Stocks fall in Europe on banking bailout woes
POSTED: Tuesday, January 20, 2009
LONDON » Stocks in Europe, Brazil and Canada fell on speculation government efforts to shore up the financial industry will fail to stem the deepening global recession.
Royal Bank of Scotland Group Plc slumped 67 percent after saying it expects to post a loss of as much as 28 billion pounds ($41 billion) for 2008 and the government got ready to raise its stake in the lender.
BASF SE dropped 4.6 percent as the largest chemical producer said demand deteriorated "significantly." Futures on the Standard & Poor's 500 Index decreased 0.8 percent in New York. Stock markets were closed yesterday for the Martin Luther King Jr. holiday.
Europe's Dow Jones Stoxx 600 Index slid 1.7 percent to 189.72, extending the measure's 11 percent tumble during the past nine days as companies from Deutsche Bank AG to Alcoa Inc. fueled concern the global recession will wipe out profit growth. The U.K. government said it will guarantee toxic bank assets and gave the Bank of England unprecedented power to buy securities.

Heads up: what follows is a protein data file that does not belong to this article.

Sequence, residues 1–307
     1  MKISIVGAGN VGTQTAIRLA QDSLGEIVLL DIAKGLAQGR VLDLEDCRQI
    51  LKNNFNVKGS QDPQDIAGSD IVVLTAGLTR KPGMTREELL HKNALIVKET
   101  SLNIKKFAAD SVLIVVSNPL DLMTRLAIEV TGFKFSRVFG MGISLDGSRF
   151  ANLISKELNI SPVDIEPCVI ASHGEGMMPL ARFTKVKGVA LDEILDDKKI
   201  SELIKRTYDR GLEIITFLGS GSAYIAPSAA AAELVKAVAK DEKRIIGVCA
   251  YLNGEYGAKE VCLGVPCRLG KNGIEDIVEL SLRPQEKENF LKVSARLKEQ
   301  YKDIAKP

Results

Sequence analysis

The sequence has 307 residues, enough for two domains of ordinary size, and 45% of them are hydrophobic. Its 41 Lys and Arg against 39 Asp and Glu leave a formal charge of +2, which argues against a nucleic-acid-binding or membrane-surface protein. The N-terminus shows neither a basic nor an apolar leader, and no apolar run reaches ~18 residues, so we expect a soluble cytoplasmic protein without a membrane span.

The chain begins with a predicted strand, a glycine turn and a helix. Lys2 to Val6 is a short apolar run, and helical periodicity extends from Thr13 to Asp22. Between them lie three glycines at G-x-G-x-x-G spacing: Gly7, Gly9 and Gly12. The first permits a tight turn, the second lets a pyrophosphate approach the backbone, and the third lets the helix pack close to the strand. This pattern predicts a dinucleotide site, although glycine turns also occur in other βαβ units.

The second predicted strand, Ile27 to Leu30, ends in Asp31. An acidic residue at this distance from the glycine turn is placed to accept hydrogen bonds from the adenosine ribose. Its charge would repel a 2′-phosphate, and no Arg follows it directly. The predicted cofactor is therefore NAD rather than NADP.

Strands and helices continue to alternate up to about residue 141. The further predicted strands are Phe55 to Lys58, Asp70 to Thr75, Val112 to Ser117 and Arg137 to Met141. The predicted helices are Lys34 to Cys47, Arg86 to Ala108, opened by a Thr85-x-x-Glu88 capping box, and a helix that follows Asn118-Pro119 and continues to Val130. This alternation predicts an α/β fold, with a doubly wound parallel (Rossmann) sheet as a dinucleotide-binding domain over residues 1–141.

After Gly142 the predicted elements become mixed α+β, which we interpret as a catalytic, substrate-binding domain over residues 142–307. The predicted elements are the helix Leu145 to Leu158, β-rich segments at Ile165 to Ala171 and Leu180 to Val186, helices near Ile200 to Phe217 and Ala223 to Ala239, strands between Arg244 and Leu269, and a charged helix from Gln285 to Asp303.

"I don't agree it is addressing the problem," said Roger Nightingale, who helps oversee about $1.1 billion as London-based strategist at Pointon York Ltd. "I have grave doubts that the policies pursued by this government are going to help in the medium to longer term," he told Bloomberg Television.
The euro-area economy will shrink 1.9 percent this year, the first time since the currency was introduced a decade ago, the European Commission said today. The European Central Bank last month predicted a 0.5 percent contraction for 2009.
National benchmark indexes fell in all 18 western European markets. Germany's DAX dropped 1.2 percent, while the U.K.'s FTSE 100 slipped 0.9 percent. Spain's IBEX 35 tumbled 1.5 percent, led by Banco Santander SA.
Spain had its AAA sovereign credit rating removed by Standard & Poor's in the second downgrade of a euro-region government in five days, as the country's first recession in 15 years swelled the budget deficit. Greece's rating was cut one step to A- on Jan. 14.
Dow Jones Industrial Average futures fell 0.2 percent, as did Nasdaq-100 futures. Billionaire Warren Buffett, chairman of Berkshire Hathaway Inc. and one of the world's most successful investors, said the U.S. has been struck by an "economic Pearl Harbor," according to remarks aired on Dateline NBC Sunday.
Brazil's Bovespa Index sank 1.3 percent, led by Lojas Renner SA and Metalurgica Gerdau SA. Canada's Standard & Poor's/TSX Composite Index lost 0.9 percent as Royal Bank of Canada declined. Asia's MSCI Asia Pacific Index rose 0.4 percent.
Crude oil slid below $35 a barrel in electronic trading on the New York Mercantile Exchange and gold fell in London.